Destruction of the Grameen Bank
It’s hard to see the Grameen Bank being destroyed, but corrupt governments have enormous destructive power and don’t hesitate to use it. I have contributed to microlending, mainly through Kiva.org, and it was Grameen that created the idea. David Bornstein reports in the NY Times:
This month, the Grameen Bank, the organization that won the Nobel Peace Prize for extending small loans to impoverished village women, has come under renewed attack from the government of Bangladesh. Last year, I reported that the government was attempting to forcibly remove the bank’s founder, Muhammad Yunus, from his position as managing director on the pretense that Yunus, then 70, was beyond the official retirement age. The government prevailed.
Now it has struck again. On Aug. 2, the cabinet of Prime Minister Sheikh Hasina Wazed approved a proposal to amend the 29-year-old law that governs the Grameen Bank so the government can bypass the bank’s board of directors and handpick Yunus’s successor. This is a brazen step to seize control of an institution that serves 8.4 million poor villagers across Bangladesh and provides inspiration to social entrepreneurs around the world. Sadly, it is occurring in a country where the government has been consistently ranked as highly corrupt. Just this past June, the World Bank canceled $1.2 billion in financing for the much-needed Padma Bridge because of corruption at a high-level within the government.
The government’s most recent action not only threatens the bank’s independence, which has been crucial to its success, it challenges the ownership rights of millions of poor women who control 97 percent of the shares of the Grameen Bank and whose collective savings (about $1.4 billion) finances its operations. It is a powerful blow against an institution that has flourished and helped millions of poor people largely because it is in the hands of women.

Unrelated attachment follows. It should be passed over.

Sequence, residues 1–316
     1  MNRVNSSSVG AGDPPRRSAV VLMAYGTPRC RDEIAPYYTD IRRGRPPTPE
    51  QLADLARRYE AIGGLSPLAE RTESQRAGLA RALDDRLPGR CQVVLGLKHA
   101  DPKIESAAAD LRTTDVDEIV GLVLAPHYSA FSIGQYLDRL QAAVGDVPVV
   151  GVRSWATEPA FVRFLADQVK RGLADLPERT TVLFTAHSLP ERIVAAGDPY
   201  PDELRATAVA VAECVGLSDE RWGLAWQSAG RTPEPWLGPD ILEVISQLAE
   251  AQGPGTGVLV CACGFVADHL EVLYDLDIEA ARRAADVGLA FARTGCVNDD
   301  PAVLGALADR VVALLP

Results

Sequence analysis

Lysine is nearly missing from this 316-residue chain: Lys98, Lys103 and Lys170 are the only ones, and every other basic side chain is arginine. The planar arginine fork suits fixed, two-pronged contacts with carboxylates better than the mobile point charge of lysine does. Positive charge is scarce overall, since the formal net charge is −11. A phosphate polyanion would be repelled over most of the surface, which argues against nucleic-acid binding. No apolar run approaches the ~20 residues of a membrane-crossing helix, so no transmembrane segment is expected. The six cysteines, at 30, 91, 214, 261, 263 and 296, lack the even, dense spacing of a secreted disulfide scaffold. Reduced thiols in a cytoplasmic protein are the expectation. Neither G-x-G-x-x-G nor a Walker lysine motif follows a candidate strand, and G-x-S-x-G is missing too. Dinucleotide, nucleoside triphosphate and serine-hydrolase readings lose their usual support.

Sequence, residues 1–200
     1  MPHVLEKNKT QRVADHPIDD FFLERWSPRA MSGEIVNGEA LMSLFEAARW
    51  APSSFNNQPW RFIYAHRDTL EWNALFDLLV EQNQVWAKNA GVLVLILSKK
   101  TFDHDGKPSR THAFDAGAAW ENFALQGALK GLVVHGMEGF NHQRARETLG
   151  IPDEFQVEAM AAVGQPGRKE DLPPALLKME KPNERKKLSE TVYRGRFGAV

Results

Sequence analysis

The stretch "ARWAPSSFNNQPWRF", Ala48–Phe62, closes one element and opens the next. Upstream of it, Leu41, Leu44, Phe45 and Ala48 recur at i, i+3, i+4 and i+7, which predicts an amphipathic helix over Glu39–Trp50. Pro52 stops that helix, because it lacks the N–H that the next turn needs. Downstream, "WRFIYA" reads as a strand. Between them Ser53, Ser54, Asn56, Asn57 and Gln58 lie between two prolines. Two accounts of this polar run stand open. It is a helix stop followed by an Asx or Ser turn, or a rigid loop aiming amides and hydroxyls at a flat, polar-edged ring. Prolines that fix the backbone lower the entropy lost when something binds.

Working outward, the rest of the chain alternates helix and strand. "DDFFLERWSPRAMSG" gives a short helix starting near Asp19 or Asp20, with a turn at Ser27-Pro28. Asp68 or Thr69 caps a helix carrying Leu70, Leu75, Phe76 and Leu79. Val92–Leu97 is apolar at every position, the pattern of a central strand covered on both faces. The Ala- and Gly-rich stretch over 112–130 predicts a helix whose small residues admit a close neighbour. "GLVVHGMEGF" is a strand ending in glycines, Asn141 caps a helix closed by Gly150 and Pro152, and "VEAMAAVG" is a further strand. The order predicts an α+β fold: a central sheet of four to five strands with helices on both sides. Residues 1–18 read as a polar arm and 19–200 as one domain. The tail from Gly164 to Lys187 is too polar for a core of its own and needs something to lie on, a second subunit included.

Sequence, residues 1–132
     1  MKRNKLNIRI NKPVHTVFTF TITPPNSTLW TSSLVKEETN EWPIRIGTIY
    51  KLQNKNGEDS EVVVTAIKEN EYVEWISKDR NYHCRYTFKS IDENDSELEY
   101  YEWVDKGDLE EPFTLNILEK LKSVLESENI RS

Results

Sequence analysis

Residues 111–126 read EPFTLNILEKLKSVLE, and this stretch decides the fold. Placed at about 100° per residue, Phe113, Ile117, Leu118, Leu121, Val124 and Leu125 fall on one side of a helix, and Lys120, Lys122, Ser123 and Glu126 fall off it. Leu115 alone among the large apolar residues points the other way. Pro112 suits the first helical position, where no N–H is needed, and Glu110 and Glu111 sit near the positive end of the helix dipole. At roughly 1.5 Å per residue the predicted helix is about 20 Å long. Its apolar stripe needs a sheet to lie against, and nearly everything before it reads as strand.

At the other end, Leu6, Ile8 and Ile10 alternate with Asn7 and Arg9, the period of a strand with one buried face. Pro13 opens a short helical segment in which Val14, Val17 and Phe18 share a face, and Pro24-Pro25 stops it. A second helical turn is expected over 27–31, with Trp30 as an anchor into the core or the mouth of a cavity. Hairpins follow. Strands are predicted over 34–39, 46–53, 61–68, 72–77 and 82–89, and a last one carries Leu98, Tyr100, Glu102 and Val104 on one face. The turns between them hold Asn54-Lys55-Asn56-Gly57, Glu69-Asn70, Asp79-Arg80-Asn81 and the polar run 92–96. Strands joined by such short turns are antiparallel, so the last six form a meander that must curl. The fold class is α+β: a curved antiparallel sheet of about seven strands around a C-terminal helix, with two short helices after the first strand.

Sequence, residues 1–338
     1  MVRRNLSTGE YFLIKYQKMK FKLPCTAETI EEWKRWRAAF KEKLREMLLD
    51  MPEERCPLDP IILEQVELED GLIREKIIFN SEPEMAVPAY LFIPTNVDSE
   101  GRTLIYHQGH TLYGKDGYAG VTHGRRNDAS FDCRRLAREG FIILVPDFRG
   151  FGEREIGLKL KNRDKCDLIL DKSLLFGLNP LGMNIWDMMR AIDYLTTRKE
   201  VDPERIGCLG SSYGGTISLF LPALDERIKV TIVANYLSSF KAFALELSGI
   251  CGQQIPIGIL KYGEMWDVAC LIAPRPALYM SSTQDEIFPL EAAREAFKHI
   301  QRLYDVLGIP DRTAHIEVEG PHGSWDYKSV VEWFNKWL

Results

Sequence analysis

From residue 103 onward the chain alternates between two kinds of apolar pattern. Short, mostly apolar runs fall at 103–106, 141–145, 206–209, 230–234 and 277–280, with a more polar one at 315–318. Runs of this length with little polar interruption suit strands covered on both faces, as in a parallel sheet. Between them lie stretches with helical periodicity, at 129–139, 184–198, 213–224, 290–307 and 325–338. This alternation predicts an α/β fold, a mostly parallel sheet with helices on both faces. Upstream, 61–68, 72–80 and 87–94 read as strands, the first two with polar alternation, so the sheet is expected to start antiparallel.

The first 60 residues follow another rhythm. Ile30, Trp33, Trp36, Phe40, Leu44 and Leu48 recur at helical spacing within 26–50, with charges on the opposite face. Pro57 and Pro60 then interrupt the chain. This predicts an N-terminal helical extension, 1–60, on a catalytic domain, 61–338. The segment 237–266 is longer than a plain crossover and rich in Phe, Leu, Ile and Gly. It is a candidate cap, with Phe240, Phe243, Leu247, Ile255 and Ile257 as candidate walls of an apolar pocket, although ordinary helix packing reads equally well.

When we picture the board of a bank we envision a table surrounded by powerful men in expensive suits. Grameen’s board is different. Of the 12 voting seats, 9 are held by village women who dress not in suits but in saris; they are borrowers of the bank who are duly elected by its more than 8 million members. The government controls only three seats, including the chairman. The board was set up this way by Yunus to make sure it stayed true to its social mission.
During its early years, Grameen switched from banking primarily with men to banking primarily with women. (Today, 96 percent of its members are women.) According to Yunus, the main reason for the shift was that a woman was a “better fighter” against poverty than a man. A woman, he said, went to greater lengths to improve her children’s nutrition and health and educate her daughters. Simply put, she used the loans more effectively. In the past few years, the field of development has come to a similar conclusion, with many aid workers asserting that the best way to fight poverty is to strengthen the positions of women and girls. . .